To simplify the skill, we reduce the complexity. Complexity is temporal-spatial; it is related to the amount of time and space that you have to perform a skill. When you reduce the number of players on the court, and maintain the same-sized court, you increase the time and space available. There are fewer potential interactions. Fewer potential interactions reduce the cognitive load because decision-making is simplified. In 2v2, when you run a pick-and-roll, ultimately there are two options: you shoot or you pass to your teammate. You have to decide when to pass or shoot, but you have only three people to read: Two defenders and one teammate. Also, your technical skill performance – passing and dribbling – does not have to be as precise because of the lack of help defenders. In 5v5, you have the same basic options – pass or shoot – but you have three additional passing options, and you have to read the location, movement, and intent of 6 additional players.
Too often, when we simplify the skill, we remove the skill from the game context. We eliminate the interactions rather than reducing them. We remove the decision making and focus strictly on the physical element. This may be appropriate, especially with beginners, as some players may need to eliminate the perceptual elements to concentrate solely on the physical. However, when we remove all perceptual variables to concentrate on the physical elements, the next step should not be a 5v5 game; we should not add all of the complexity at once.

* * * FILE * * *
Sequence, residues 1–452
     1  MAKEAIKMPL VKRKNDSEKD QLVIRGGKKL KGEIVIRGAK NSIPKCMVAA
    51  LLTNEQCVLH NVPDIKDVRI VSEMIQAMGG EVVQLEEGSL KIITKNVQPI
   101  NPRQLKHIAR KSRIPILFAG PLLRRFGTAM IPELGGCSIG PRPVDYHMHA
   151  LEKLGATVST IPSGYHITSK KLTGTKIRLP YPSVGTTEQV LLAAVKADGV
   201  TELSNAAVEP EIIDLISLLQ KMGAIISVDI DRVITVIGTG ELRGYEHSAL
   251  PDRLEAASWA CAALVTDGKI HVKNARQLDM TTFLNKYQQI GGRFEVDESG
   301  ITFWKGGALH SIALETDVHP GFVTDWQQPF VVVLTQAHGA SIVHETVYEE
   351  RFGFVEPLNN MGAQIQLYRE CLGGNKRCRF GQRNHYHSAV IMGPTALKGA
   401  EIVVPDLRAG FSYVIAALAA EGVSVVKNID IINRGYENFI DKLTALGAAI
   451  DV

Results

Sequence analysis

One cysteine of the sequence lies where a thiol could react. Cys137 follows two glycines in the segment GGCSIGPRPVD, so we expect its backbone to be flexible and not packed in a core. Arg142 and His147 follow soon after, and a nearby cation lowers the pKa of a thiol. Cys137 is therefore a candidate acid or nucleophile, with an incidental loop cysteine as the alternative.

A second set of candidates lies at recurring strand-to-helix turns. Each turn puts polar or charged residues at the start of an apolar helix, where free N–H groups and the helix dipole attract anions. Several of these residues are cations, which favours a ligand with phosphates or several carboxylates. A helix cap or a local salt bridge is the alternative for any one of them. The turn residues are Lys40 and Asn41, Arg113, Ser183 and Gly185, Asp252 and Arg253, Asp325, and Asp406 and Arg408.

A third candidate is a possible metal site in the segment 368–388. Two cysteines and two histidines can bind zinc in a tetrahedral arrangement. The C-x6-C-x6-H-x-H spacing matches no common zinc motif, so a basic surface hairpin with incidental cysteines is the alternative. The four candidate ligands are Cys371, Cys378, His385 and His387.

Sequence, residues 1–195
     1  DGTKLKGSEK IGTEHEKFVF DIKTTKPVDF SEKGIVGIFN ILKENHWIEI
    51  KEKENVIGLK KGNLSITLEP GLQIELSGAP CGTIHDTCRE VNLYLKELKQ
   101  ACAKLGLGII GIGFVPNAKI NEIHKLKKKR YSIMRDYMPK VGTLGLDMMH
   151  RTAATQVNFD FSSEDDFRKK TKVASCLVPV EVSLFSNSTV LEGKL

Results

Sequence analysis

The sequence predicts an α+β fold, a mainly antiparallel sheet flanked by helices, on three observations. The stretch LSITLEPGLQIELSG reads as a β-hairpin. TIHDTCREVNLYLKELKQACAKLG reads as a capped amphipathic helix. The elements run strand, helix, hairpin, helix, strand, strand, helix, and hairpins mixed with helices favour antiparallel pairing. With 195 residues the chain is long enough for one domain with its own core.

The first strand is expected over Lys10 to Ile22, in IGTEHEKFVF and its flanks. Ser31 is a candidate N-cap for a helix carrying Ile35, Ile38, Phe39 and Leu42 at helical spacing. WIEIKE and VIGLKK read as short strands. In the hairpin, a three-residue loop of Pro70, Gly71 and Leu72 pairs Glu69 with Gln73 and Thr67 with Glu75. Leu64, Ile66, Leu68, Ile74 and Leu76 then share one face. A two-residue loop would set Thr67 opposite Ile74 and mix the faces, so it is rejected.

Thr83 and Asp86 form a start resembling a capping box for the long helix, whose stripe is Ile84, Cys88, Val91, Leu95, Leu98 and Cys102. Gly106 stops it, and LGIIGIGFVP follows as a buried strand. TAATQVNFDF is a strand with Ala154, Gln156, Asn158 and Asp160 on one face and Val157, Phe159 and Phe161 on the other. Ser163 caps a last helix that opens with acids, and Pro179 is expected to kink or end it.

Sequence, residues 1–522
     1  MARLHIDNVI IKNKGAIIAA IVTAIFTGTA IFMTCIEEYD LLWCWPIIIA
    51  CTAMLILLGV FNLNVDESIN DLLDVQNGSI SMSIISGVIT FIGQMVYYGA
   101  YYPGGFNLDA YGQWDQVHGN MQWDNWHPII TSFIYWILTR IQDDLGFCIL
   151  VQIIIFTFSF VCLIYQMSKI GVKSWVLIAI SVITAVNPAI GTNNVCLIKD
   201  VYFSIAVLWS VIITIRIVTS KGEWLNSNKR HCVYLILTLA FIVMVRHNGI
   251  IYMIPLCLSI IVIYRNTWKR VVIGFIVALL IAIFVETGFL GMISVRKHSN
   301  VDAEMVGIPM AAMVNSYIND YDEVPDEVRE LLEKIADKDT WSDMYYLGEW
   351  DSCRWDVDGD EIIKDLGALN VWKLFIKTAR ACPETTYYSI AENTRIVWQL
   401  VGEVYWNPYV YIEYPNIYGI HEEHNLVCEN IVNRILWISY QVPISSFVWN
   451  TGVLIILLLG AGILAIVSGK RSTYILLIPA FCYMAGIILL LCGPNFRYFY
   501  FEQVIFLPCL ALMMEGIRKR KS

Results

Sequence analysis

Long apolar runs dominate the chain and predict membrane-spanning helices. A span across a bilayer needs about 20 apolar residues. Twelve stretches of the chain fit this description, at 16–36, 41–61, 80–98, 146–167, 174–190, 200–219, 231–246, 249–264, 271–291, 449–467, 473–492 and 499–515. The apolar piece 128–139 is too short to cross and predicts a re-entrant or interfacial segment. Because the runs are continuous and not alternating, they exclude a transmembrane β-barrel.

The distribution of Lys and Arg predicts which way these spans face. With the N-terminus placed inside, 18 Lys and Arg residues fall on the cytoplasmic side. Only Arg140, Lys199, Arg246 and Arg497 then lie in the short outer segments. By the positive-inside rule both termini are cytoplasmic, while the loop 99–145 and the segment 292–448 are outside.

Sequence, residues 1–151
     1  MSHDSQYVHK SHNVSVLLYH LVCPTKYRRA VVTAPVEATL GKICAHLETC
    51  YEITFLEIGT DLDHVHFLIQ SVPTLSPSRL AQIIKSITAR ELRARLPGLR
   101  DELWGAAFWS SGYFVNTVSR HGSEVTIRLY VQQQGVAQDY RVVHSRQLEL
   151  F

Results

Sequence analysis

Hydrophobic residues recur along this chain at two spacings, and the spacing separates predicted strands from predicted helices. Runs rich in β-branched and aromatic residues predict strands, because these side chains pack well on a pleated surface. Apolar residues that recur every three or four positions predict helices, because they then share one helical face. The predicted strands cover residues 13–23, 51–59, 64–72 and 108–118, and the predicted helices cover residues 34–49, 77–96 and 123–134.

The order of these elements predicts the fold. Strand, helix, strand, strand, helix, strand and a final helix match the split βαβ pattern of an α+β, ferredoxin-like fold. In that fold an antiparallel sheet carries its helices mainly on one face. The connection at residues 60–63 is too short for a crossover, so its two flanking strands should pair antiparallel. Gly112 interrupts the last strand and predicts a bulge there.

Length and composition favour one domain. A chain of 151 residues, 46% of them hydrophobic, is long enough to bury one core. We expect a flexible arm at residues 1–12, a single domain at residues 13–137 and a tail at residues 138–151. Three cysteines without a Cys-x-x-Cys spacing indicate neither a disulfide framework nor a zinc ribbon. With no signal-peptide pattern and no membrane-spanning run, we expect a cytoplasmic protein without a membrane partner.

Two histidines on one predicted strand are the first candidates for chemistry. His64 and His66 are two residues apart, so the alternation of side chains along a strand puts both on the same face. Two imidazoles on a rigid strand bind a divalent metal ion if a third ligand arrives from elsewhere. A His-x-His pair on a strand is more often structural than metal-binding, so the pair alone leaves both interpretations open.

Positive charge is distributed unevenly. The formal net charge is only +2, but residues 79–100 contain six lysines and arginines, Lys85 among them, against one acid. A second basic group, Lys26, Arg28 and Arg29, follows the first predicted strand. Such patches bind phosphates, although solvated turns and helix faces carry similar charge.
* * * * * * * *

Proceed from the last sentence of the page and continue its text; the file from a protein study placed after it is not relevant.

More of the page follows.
Because the game is the best teacher, we start with the game. When additional repetitions or simplicity is required, we increase time and space, reduce potential interactions, or eliminate other skills to concentrate on the specific skill (for instance, eliminate dribbling to concentrate on passing in a no-dribble game). Depending on the skill, we can reduce all the way down to 1v1. When offensive players need more simplicity, the drill can give the offense an advantage. When this remains too complex, we can move to an isolated drill to increase the physical repetitions in order to improve the learning outcomes. However, these drills should represent the task correctly, unlike dribbling through the cones. Often, the difficulty is not the physical element, but combining the physical with the perceptual; isolated physical practice will not improve the skill in these instances because the practice does not address the weakness.